Public school choice: a hot item on the reform issue agenda
`CHOICE' - allowing parents to choose the public school their children attend - is on its way to becoming one of the hottest items on the school reform agenda this year. Until now, ``choice'' and ``vouchers'' have been linked with the Reagan administration's unpopular and unsuccessful effort to give aid to private schools - specifically, to fundamentalist Christian and Roman Catholic institutions.
But the latest innovation - touted as an elegant solution to a number of educational problems, from desegregation to teaching values effectively - is to offer choice within public school districts.
In East Harlem, N.Y., St. Paul and Minneapolis, Minn., and Cambridge, Mass., parents have exercised a ``public choice'' option among elementary and middle schools for several years.
This fall, school districts in Little Rock, Ark., and in Fall River and Lowell, Mass., will also open with a choice option.
One of the main arguments for choice is that it offers a fair method of desegregation. There is no forced busing. Parents can try different schools for their children. Schools with higher parental involvement are better schools, experts say.
But advocates of choice - among them, some of the top thinkers in education today - say choice not only improves equity, it also creates the conditions for excellence and the kind of school reform that heretofore has only been talked about.
Indeed, they say it forces school reform: In a choice system, schools no longer have a ``captive market.'' They must compete. Principals and teachers must scrutinize what they do more carefully. Basic but often ignored questions such as ``What should we teach and are we doing it well enough?'' become more vital. Leaders, and new ideas, emerge in such a climate. Teachers, often woefully isolated, must work more closely together and in many cases assume a more commanding, professional role - something they have been arguing for.
Schools are often ``restructured'' as a result of choice - become more distinctive. In St. Paul, for example, parents can choose among several types of schools: There is an ``open school,'' modeled from the progressive ideas of the 1960s, and a ``fundamentals school,'' where students take a core curriculum. A third school focuses on science and math; another follows the educational philosophy of Maria Montessori.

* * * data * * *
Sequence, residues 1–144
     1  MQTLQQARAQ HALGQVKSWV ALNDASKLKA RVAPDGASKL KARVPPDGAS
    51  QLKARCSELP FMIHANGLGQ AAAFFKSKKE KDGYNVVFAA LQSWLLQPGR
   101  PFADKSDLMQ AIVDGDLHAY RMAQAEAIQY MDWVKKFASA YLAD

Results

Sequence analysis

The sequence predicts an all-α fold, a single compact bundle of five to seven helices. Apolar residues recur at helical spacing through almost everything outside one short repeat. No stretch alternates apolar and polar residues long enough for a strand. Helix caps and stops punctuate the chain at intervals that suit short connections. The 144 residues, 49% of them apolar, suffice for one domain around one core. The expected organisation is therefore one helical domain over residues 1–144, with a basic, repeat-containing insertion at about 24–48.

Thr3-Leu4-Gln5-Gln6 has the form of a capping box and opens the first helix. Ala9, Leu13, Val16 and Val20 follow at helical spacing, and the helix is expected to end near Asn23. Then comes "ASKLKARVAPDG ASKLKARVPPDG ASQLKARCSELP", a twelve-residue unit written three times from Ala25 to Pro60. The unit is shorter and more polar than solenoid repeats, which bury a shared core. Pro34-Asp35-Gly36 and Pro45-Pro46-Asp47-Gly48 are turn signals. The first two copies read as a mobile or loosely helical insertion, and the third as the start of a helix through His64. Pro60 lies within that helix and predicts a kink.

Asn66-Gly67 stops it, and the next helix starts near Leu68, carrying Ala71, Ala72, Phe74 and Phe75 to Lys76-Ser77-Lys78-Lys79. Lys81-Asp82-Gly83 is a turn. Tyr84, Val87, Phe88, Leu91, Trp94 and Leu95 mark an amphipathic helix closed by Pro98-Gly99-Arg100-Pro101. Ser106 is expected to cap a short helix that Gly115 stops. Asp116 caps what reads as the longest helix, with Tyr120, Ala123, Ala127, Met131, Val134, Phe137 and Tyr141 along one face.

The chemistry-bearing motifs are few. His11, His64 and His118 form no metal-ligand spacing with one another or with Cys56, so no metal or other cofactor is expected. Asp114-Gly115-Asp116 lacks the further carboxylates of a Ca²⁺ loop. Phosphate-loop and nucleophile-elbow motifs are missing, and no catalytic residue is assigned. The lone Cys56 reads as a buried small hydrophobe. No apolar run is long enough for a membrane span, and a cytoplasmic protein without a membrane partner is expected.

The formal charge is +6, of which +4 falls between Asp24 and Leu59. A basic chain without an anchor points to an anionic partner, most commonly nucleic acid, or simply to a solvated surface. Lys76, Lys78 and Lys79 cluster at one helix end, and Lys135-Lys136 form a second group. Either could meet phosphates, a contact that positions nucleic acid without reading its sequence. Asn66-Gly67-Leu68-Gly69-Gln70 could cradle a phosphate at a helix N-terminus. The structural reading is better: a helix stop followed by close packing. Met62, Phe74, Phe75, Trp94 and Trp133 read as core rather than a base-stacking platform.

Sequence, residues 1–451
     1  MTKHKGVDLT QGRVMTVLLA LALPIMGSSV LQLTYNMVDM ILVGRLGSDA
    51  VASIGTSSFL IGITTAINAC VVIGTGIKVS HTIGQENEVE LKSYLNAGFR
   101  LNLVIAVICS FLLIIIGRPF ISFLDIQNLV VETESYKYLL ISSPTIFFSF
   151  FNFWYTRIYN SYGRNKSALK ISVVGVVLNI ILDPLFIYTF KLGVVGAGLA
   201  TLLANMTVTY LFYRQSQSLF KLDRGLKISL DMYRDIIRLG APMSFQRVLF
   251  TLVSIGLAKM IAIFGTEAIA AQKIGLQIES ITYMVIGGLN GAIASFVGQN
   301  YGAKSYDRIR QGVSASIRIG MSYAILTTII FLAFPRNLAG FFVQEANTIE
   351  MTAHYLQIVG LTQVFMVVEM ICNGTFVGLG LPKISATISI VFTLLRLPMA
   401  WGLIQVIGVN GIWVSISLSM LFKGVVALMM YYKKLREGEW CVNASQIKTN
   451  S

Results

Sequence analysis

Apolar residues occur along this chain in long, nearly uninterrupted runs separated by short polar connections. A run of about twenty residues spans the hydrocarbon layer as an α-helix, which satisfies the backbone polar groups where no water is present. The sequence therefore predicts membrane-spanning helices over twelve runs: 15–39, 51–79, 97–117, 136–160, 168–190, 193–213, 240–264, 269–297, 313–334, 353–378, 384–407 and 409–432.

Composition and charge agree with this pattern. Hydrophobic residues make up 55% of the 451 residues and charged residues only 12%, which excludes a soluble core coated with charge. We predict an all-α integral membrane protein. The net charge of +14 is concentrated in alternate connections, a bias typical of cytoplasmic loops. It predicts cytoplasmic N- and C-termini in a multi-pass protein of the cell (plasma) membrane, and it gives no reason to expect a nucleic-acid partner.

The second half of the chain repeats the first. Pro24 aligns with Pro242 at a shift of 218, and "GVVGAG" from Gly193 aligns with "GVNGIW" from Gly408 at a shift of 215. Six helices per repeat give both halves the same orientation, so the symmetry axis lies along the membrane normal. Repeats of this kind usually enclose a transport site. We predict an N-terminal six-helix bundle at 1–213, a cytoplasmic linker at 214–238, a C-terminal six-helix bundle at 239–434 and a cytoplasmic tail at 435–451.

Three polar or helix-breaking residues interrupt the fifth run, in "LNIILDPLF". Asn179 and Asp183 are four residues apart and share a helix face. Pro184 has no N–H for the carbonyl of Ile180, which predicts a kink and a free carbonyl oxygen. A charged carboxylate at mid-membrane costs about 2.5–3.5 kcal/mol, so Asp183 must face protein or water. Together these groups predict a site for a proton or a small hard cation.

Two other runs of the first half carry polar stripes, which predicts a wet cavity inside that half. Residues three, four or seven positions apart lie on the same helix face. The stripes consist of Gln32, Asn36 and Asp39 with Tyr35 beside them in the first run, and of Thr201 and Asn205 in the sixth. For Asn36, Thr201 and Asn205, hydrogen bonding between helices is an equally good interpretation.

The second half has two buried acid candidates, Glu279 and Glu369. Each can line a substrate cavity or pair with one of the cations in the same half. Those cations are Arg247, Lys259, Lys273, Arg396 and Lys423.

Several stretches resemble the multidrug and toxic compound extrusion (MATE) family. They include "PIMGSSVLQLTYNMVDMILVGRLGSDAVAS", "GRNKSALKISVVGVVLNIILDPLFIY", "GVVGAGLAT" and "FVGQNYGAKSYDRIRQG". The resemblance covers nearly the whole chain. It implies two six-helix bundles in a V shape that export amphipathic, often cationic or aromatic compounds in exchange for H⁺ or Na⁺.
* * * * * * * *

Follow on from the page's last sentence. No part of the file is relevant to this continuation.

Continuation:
Schools with distinct identities impart a deeper, more coherent set of values than do schools that serve a thin moral and civic gruel designed to please every taste, experts say.
The bottom line, says Joe Nathan, one of the architects of the St. Paul plan, is that ``choice provides a better education with fewer dropouts. That's what we've found in every place it's been tried.''
Charles Glenn, director of the Equal Educational Opportunities Office in the state of Massachusetts, says choice offers a chance for real reform in schools, because it ``deals with the structural constraints of schools. Efforts to pay teachers more, do different kinds of teacher training, do a slight reshifting of curricula - these don't get at the basic question, `What are we doing in our schools?'''
Choice also offers the kind of flexibility among schools that will be needed as the ethnic and racial demographics of America's student body continue to change, Dr. Glenn says.
Public choice is developing political clout. Last fall the National Governors' Association agreed with the conclusion of a task force headed by then-Gov. Richard Lamm of Colorado that endorsed carefully monitored types of choice. ``We can remain dedicated to a system of public schools and still increase consumer sovereignty,'' Mr. Lamm wrote.
US Education Secretary William J. Bennett, and especially his chief education specialist, Assistant Secretary Chester E. Finn Jr., support public school choice. Dr. Finn told the Monitor that choice may be ``the answer'' for ailing US public schools.
Today, most major metropolitan school districts offer a kind of choice in specialized ``magnet'' schools - an idea that became popular in the late 1970s. Magnet schools are set up around themes like math, science, vocational education, or the arts.
``Magnets'' have been very popular and successful for the most part, experts say. But they often come with a built-in problem: They require extra money and attention. In Chicago, four students sign up for each magnet-school place. The result, observers say, is a two-tiered school system that still does not offer equal opportunity.
In effective choice systems, such as the one in East Harlem, N.Y., money and talent are evenly distributed across the system.
In Cambridge, which calls its plan ``controlled choice,'' parents sign up their children for one of three schools. Their choices are filtered through a formula that includes race, neighborhood, aptitude, and other factors before children are assigned to a school.
Other modified choice plans that will go into effect this fall include a new program in Maine that enables participating school districts to offer high school students the option of taking college courses. A similar statewide plan has been successful in Minnesota.
Reform-minded California has recently enacted a state law, the first of its kind, allowing parents to send their children to school in either the district they live in or the one the parents work in.
In Rochester, N.Y., the superintendent of schools has a proposal on the table asking that students have a choice among all Rochester high schools. The leading teacher organization in the city supports the plan. If adopted, it would be the first metropolitan high school choice plan in the nation.